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Brass Attack: Light & Lean Marines Get 5th Four-Star

Posted by Otto Kreisher on

UPDATED: Krepinevich Says Marines Boast Lots Of Good Senior Leaders
The Marine Corps, which always prides itself on being the leanest of the U.S. armed services and having the lowest officer-to-enlisted ratio, now has five four-star generals, the nation’s highest military rank.

That is quite a load of brass for a service that never had a single four-star officer on active service until 1945, the 170th year of its existence.

The Marines got their fifth four-star general Monday when Marine Lt. Gen. John Kelly put on another star and took over the U.S. Southern Command, relieving Air Force Gen. Douglas Fraser.

Kelly joins at that elevated rank Generals James Amos, the Marine Corps commandant; James Mattis, chief of U.S. Central Command; Joseph Dunford, the assistant commandant, and John Allen, commander of International Security Assistance Force and U.S. forces in Afghanistan.

Given all the focus these days on the peccadillos among general officers following the embarrassing resignation of CIA chief and former Army Gen. David Petraeus and exposure of “flirtatious” emails sent by one of the Marines’ four-stars, getting a load of top generals may not be such a good thing.

It was Allen whose e-mails to a Tampa, Fla., socialite got spotted during the FBI probe that revealed Petreaus’ adulterous affair. Allen’s nomination to become Supreme Allied Commander Europe, the top NATO military post, has been put on hold pending the outcome of a Pentagon inspector general’s review.

If Allen is cleared and his nomination goes ahead, the Marines will be in position to have six four-star generals by next spring. Dunford has been nominated to replace Allen in Afghanistan and Lt. Gen. John Paxton, currently commander of Marine Forces Command, has been nominated to succeed Dunford as “ACMC,” as the number two Marine is known inside the Corps.

Despite a popular image of the Marines as being mainly tough but unthinking fighters, a succession of defense secretaries have praised senior Marine officers for their intelligence, flexibility, and innovation and chosen them for high-ranking military and diplomatic positions.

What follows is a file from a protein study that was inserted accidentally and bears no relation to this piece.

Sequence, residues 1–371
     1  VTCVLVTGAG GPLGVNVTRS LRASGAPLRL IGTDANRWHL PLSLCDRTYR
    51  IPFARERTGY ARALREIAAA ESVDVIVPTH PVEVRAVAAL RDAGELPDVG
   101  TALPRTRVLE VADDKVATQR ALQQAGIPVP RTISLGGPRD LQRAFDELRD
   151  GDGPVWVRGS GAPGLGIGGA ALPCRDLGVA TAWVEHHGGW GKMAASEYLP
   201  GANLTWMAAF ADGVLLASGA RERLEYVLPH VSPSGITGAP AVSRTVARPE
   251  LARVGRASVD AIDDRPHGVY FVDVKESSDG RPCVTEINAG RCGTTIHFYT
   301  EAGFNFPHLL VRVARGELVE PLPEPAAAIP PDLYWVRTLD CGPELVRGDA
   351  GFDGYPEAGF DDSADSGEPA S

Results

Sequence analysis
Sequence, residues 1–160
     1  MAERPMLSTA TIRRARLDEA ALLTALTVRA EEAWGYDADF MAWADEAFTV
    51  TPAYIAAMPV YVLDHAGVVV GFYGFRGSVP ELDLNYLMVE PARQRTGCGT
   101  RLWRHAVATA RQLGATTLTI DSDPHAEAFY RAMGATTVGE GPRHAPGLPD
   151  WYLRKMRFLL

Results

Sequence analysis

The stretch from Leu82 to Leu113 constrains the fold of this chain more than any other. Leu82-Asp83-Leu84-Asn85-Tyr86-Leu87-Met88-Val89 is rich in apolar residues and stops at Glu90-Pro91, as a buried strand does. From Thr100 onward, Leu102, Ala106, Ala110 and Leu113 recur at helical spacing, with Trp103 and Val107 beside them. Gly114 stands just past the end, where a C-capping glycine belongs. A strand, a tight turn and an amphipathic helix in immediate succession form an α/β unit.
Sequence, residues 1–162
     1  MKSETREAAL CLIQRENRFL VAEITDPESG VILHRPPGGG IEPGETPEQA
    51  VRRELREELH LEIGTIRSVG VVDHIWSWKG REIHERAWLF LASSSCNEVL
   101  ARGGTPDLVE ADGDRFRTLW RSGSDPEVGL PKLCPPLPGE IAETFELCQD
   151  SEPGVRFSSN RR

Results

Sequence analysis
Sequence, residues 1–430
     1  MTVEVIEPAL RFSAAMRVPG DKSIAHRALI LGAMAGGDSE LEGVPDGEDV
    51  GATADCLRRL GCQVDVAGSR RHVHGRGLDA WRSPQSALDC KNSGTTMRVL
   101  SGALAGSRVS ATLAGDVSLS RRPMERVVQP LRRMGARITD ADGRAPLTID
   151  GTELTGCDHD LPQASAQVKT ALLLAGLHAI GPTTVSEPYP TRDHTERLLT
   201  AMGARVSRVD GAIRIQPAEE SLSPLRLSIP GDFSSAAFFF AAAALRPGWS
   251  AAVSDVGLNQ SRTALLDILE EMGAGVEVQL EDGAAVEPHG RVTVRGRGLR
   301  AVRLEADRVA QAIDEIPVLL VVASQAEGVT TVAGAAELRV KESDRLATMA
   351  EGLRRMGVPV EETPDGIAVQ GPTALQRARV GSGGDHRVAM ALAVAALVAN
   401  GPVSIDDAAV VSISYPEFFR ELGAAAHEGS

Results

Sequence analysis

Defense Secretary Donald Rumsfeld, for example, pulled Gen. James Jones from his position as commandant to take the NATO command, which had been dominated by Army and Air Force generals. Jones later served as President George W. Bush’s personal envoy to the Middle East. Rumsfeld also made Gen. Peter Pace the first Marine ever to serve as Joint Chiefs chairman.

Secretaries Robert Gates and Leon Panetta similarly have chosen Marine generals over more senior officers from the other services for sensitive regional commands, such as Central Command and the top Afghanistan post.

But Andrew Krepinevich, president of the Center for Strategic and Budgetary Assessments and a retired Army officer, saw this as one of those times when “a service boasts an unusual number of senior officers who are particularly valued by the political leadership.” He compared it to the long stretch between 1982 and 2001 when Army officers held the Joint Chiefs chairmanship with only one break.

The Marine boom also was aided by the end of the tradition that certain services always get a particular regional command, such as the Army’s near monopoly on SACEUR. That “gives the political leadership more opportunities to place senior officers in these slots irrespective of their branch of service,” Krepinevich said.

The Marines got their first four-star in the last year of World War II, when the commandant, Lt. Gen. Alexander Vandegrift, was promoted, perhaps in recognition of the Marines’ heroic and bloody service in the Pacific.

By that time, however, the Army had four men wearing the very rare five stars that denote a General of the Army: George C. Marshall, Army chief of staff and President Franklin Roosevelt’s closest military adviser; Douglas MacArthur, allied commander in the Southern Pacific; Dwight Eisenhower. allied commander in Europe, and Henry H. “Hap” Arnold, who led the Army Air Force. The Navy had three five-star Fleet Admirals: William Leahy, military adviser to Roosevelt; Ernest King, chief of naval operators and commander U.S. Fleet, and Chester Nimitz, Pacific Fleet commander.

The Army would get another five-star shortly after the war when Omar Bradley was promoted; the Navy got a fourth Fleet Admiral as the war ended, when William “Bull” Halsey was elevated.

For a very long time the Marines were stuck with one full general, until Lewis Walt, the assistant commandant, was promoted to four star in 1969 while the Marines were heavily engaged in the Vietnam War.

Later, the Marines would on occasion accumulate three or even four full generals at a time when one or more of their officers held one of the regional combatant commands and when Marine Gen. Peter Pace was vice chairman and then chairman of the Joint Chiefs of Staff.

Despite their unusual mass of four-stars, the Marines still have the fewest officers of all ranks and a fraction of the generals or admirals of the other services.

The Navy currently has something like 340 flag officers, from rear admiral lower half to four-star full admirals, of which it has 10. That total is almost 50 more admirals than it has ships in its combat fleet.

The Army has several times more general officers than it has combat brigades and the Air Force has many times more general officers than aircraft wings.

And all the services have more general or flag officers than they did at the height of World War II, when the United States had about 14 million men and women in active military service. The total now is about 1.5 million.

What do you think?